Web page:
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Latinos are both lifting and leaving the U. S. Catholic Church

Latinos are both lifting and leaving the U. S. Catholic Church

The Roman Catholic Church in the United States is rapidly losing the allegiance of Latinos, according to a new survey from the Pew Research Center.

Michael Paulsen of The New York Times has the story:

By all accounts, Hispanics are the future of Catholicism in America. Already, most young Roman Catholics in the United States are Hispanic, and soon that will be true of the overall Catholic population. But the Hispanicization of American Catholicism faces a big challenge: Hispanics are leaving Catholicism at a striking rate.

It has been clear for years that Catholicism, both in the United States and Latin America, has been losing adherents to evangelical Protestantism, and, in particular, to Pentecostal and other charismatic churches. But as an increasing percentage of the American Hispanic population is made up of people born in this country, a simultaneous, competing form of faith-switching is also underway: More American Hispanics are leaving Catholicism and becoming religiously unaffiliated.

The seemingly mind-bending result: Even as a rising percentage of American Catholics is Hispanic, a falling percentage of American Hispanics is Catholic.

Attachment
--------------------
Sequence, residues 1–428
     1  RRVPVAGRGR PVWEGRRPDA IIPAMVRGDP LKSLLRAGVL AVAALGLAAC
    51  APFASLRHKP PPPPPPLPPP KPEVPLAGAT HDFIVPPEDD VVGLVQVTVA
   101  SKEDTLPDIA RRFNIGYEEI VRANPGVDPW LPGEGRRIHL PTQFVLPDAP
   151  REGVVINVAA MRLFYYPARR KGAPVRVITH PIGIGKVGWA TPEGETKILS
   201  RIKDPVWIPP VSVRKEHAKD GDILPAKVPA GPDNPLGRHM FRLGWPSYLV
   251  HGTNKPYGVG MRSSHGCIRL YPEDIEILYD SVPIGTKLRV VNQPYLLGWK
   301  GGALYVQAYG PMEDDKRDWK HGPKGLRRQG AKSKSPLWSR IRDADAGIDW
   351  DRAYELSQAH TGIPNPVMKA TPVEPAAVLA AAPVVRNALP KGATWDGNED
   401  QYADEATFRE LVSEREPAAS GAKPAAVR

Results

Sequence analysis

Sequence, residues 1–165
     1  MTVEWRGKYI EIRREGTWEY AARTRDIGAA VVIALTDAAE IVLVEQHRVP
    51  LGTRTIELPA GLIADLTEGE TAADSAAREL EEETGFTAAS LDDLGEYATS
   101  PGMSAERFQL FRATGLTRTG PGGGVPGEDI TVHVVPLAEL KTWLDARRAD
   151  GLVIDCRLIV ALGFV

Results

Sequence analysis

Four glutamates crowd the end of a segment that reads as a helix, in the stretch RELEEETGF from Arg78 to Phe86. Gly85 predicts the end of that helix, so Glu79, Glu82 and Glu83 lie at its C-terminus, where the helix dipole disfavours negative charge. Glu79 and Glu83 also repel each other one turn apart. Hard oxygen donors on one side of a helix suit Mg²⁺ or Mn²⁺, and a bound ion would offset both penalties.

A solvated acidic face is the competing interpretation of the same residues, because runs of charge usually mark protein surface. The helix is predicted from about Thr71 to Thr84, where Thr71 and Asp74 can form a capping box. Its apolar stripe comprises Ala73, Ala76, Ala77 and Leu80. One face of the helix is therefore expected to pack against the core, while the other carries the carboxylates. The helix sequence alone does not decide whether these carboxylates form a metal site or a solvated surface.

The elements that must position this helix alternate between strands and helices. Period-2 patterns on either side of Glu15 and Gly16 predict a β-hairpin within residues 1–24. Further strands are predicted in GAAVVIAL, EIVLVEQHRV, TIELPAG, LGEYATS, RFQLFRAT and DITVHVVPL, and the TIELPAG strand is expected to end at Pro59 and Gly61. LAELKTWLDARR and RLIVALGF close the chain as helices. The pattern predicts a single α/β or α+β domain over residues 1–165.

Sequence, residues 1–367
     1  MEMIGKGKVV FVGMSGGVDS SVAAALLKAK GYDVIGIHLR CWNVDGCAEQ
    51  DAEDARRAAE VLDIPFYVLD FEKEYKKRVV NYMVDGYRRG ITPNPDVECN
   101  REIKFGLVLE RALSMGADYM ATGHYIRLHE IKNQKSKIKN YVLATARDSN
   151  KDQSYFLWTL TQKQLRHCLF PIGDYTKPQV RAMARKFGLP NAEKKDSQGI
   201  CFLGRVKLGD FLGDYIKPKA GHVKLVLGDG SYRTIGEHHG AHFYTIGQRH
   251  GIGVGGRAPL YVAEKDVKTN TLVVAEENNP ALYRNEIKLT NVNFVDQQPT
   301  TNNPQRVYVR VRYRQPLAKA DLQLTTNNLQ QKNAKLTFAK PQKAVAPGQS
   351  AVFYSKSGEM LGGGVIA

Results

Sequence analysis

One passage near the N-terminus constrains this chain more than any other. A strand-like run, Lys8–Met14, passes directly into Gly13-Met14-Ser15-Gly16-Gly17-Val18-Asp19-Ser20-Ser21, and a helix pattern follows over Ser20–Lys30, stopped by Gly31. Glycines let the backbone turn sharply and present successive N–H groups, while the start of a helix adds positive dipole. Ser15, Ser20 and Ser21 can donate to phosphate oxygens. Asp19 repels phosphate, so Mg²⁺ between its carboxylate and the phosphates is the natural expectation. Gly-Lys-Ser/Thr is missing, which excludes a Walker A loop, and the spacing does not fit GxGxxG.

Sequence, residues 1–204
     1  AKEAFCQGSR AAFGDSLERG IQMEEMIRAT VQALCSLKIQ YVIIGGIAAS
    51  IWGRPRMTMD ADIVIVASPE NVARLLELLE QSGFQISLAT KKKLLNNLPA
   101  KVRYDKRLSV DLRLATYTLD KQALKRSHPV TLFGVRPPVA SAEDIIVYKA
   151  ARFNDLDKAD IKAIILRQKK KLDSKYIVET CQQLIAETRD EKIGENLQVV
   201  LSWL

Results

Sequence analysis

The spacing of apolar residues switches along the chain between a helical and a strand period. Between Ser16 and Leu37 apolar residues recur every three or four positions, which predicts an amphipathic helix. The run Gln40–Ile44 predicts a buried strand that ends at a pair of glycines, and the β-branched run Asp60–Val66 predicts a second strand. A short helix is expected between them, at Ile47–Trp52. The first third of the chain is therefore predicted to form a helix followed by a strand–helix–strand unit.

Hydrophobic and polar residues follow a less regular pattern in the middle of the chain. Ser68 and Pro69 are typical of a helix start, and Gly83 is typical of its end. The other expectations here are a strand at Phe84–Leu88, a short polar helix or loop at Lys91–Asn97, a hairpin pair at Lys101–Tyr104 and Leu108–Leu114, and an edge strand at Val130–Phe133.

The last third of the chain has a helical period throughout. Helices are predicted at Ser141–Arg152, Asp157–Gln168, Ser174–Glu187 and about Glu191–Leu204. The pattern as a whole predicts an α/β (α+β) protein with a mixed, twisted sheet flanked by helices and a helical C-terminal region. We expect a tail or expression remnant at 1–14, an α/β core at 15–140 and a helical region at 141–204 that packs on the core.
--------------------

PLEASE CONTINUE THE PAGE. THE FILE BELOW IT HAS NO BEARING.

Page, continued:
According to the survey, five percent of Latinos in the U. S. belong to mainline Protestant churches. What does Latino ministry look like in your diocese?

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Rod Gillis

From the original story,

"The Pew poll finds the rise in the number of Hispanics who say they are unaffiliated particularly pronounced among Hispanics under age 30, and it comes at a time when more and more Americans are becoming part of what religion researchers call 'the nones,' "

They are becoming acculturated. The same thing can be said of, for instance, Muslims in Canada, and probably Stateside. It happened to mainstream Christians,i.e., Anglicans, Roman Catholics, Lutherans, etc in previous generations. Over the three and one half decades I served in parishes, the majority of people of my generation, raised on Christianity, had disappeared or become marginal in churches at about the time they became adults.

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